This week’s adventure forced me to examine why I couldn’t simply say, “Oh well, the door’s locked—I’ll just enjoy this quiet time to myself and God while I wait!” Something had to be wrong—I was missing something. My first thought was that I must have lost my brain in order to perform such an escapade, but the more I really dug into it, the more convicted I was that I was missing joy. This is a dangerous place, for joy is a temperature gauge for the heart, whether it is hot, cold, or lukewarm.
I have a feeling I'm not alone in this lack of joy. Yet, though we know we want joy, it is still slippery and elusive. It is one of the most sought-after things, but many find it unattainable. And it is no wonder, when they go about achieving joy in the way this woman with a Ph. D does:
“I feel joy when my Inner Child feels loved by me, important to me, cherished by me, seen by me, valued by me. I feel joy when I attend to my wants and needs, saying "no" to others when I mean no, and "yes" to others when I mean yes. I feel joy when my Inner Child feels safe inside, knowing that I am taking care of her, knowing that I am connecting with my spiritual Guidance each moment so that we are not alone.[i]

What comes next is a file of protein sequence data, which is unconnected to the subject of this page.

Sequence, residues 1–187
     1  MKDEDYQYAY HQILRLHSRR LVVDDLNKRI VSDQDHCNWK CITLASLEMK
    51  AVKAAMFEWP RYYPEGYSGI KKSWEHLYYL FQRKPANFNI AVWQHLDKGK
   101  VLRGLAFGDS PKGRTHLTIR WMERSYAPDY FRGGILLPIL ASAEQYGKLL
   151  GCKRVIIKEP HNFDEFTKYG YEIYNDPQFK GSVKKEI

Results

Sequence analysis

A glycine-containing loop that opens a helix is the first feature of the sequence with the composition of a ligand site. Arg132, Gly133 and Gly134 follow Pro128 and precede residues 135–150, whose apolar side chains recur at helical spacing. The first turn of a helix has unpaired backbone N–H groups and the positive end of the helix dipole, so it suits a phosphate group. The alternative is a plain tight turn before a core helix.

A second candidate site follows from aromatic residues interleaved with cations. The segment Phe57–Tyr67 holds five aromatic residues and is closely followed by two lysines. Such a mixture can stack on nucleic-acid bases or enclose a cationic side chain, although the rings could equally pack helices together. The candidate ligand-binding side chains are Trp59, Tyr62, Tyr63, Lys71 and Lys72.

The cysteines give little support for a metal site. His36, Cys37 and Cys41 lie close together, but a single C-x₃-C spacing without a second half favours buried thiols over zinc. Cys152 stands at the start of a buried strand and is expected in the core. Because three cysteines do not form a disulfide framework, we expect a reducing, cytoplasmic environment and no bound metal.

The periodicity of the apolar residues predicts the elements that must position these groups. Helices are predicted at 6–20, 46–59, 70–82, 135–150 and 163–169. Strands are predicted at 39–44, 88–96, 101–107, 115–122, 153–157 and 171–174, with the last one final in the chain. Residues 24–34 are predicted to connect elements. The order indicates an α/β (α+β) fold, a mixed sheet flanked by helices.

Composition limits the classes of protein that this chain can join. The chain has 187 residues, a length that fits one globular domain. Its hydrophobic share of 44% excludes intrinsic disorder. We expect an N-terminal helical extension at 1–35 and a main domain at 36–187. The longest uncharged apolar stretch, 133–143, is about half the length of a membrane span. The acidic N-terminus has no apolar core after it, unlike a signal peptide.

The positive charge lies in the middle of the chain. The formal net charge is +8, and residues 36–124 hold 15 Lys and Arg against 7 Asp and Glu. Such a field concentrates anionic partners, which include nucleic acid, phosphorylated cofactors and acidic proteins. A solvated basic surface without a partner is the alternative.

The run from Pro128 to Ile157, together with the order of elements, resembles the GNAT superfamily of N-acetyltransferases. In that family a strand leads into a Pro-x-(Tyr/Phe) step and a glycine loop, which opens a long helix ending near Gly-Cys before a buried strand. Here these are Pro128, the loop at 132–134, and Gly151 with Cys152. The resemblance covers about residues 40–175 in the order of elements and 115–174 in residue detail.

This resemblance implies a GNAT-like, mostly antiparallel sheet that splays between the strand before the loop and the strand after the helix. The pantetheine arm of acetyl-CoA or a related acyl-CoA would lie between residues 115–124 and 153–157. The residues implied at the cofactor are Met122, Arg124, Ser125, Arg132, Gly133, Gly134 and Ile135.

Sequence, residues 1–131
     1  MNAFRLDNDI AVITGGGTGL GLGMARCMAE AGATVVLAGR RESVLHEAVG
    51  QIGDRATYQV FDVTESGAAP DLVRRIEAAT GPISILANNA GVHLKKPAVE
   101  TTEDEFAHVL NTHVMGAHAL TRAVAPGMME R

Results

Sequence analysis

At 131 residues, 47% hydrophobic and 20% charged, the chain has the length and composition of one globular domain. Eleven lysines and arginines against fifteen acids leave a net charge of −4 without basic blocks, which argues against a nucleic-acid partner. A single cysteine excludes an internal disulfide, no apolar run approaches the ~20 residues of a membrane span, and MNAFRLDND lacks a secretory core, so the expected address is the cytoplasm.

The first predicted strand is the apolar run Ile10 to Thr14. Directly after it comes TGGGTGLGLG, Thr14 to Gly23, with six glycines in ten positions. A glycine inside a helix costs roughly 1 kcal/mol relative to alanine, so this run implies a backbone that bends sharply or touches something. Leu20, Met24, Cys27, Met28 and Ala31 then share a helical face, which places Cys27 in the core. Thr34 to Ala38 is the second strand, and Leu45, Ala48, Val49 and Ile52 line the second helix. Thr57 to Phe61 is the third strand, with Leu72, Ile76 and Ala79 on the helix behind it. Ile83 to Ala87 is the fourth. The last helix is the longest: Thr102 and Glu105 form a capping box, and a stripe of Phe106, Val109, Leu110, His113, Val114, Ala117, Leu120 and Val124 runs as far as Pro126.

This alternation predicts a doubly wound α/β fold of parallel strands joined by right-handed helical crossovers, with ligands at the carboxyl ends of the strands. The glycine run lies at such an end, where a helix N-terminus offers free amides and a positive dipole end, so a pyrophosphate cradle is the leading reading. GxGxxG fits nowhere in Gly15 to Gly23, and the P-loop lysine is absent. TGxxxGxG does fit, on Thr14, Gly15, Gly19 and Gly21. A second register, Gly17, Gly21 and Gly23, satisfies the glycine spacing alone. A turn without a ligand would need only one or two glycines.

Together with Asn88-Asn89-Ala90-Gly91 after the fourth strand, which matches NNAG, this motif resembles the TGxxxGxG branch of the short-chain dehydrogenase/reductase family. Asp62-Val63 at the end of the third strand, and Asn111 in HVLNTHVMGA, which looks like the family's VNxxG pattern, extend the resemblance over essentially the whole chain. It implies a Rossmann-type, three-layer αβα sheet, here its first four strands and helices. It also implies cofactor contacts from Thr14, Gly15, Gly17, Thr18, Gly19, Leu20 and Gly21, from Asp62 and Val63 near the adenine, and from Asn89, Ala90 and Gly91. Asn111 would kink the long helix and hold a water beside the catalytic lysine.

Bologna! Is joy personal fulfillment and satisfaction? Christmas caroling and rousing music and jingle bells and helping the homeless? Is joy laughter and smiles—in short, is it a transitory emotion? I hope you’re saying no—joy is as unaffected by what is going on around you as a thermometer in your mouth is unaffected by the weather. “Happiness depends on happenings, joy depends on Christ. (Anonymous)” Joy doesn’t take the temperature of your circumstances and react—happiness does, but joy takes your internal temperature. Joy isn’t always laughter, either—it requires tears, disappointment, and heartbreak to really come into full view.